Monday, August 31, 2015

Same Party, Different Reasons

I'm reading a economic philosophy text that has this Captain Obvious moment: Political power seeks out economic power; economic power seeks out political power. In China, the state leaders became capitalists. In the U.S., business leaders became statists. Well, gosh, golly, people with one form of power like to hang with other people with power and they all see the world through the same elitist prisms.

Curiously, this power-like-power issue affects the Democratic electorate more than the Republican electorate. But is it money setting the agenda, or that people in power reflect the values of their party activists? I believe politicians are simply counting votes.

An analysis of voting trends found the super wealthy and the low-income voters occupy the same political party, but for very different reasons when they rank concerns. (Tangent: The GOP does not attract most millionaires – a little shy of half — but does receive the support of a majority in the top quintile, which starts at $187,000.)

Rich progressives: Green energy, climate change lead the concerns.

Low-income liberals: Minimum wage, unionization, and child care.

Is there overlap? Certainly, but the group with the money sets the agenda. As a result, "feel good" green policies receive priority among elected leaders. This isn't a result of the leaders not caring about workers, though green policies raise prices and have more consequence on the working lower- and middle-income than wealthy households. (Also, when you're poor, green issues aren't your top priority. Surviving is.)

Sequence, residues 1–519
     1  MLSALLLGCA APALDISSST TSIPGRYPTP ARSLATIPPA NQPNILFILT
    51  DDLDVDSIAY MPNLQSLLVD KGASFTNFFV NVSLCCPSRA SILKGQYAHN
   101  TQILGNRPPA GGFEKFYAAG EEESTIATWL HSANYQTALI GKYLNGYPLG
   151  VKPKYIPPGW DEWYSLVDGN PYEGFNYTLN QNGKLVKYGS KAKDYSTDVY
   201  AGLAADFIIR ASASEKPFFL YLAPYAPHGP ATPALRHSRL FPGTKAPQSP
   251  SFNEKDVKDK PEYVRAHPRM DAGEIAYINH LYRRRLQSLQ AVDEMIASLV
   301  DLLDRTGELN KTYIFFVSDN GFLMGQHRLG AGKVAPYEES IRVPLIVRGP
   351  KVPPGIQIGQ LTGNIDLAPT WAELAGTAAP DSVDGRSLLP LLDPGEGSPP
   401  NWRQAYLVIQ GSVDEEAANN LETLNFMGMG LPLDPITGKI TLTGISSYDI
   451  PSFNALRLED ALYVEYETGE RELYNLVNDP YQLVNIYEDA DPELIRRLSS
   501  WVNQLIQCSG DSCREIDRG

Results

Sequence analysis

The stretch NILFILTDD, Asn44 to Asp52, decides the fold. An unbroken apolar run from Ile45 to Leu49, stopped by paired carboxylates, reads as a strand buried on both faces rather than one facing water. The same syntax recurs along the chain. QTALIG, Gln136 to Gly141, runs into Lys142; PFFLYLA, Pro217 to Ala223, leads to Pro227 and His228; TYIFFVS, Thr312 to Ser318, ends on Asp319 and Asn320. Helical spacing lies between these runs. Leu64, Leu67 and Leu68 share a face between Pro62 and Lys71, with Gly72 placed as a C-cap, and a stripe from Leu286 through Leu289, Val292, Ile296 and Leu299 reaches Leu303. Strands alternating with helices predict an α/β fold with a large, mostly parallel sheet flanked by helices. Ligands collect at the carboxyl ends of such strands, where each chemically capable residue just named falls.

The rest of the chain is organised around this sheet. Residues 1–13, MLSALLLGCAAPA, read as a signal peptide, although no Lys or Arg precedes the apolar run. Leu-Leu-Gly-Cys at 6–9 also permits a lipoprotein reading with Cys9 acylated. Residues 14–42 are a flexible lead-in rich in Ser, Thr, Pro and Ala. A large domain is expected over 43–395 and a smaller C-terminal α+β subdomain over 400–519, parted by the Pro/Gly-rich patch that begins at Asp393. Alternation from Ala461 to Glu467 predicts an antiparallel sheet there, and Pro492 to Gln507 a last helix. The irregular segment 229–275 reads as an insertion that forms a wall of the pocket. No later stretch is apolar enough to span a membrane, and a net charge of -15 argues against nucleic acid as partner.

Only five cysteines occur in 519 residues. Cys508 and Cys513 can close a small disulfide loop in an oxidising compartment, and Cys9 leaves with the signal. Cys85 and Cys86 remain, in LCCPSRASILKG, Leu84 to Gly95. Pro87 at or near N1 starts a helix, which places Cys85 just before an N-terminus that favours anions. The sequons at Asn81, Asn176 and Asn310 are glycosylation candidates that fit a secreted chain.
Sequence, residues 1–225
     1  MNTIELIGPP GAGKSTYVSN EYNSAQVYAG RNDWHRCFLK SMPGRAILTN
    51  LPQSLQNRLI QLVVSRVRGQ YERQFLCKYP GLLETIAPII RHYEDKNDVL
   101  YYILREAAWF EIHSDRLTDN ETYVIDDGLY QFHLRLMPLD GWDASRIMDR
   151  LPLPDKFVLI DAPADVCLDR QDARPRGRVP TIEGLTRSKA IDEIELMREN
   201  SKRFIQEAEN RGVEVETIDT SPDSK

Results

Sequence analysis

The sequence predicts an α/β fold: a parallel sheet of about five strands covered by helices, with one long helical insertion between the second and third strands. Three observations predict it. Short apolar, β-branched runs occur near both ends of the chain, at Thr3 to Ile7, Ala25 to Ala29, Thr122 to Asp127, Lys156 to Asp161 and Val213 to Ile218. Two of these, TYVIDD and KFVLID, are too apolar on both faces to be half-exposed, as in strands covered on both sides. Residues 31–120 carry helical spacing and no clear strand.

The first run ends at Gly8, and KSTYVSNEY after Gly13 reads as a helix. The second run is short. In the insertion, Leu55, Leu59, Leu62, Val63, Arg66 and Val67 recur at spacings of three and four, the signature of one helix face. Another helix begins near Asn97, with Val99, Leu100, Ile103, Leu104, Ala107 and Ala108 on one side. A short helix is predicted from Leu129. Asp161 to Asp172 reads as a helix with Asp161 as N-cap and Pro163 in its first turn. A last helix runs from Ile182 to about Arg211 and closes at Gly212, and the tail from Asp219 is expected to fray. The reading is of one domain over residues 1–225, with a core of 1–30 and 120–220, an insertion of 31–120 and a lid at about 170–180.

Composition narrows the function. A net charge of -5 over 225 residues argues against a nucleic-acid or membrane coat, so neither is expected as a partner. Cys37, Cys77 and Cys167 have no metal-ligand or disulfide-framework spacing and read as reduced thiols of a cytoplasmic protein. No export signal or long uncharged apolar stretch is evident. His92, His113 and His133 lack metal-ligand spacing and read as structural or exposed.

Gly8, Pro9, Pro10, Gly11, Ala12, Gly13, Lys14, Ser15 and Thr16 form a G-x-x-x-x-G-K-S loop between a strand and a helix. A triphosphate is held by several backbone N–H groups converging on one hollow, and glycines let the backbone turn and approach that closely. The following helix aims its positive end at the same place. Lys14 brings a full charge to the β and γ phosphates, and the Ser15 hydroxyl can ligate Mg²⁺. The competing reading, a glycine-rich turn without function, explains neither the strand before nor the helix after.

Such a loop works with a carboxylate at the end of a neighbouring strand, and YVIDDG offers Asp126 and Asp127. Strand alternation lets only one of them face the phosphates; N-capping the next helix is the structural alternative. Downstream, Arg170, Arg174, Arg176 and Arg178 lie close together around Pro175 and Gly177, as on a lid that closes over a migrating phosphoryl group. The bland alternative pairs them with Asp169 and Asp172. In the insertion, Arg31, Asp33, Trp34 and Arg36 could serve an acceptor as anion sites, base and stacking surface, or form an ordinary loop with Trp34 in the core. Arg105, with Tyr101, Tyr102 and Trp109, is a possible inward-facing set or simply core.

It might be that because leaders are wealthy, they socialize with other wealthy people and hear the concerns of those voter-donors more often.

For the Republican party, something stranger happens. The activists who are loudest are not the wealthy and, in fact, the policies of the candidates conflict with the wealthiest donors. Most of the top-tier donors to the GOP support gay rights, legal reform, and relaxed immigration rules. Charles Koch loudly opposes most GOP orthodoxy on these social issues, particularly legal reform.

What explains the balance of power dynamics between the parties and their donors?

It is curious, that Republic politicians ignore donors and large business organizations, like the Chamber of Commerce, on hot-button issues. It could be cynical, but I know some conservative politicians and they really do believe what they say on social issues. Maybe it is that these are not the key issues to the top donors, so these donors tolerate appeals to the socially conservative base.

No comments:

Post a Comment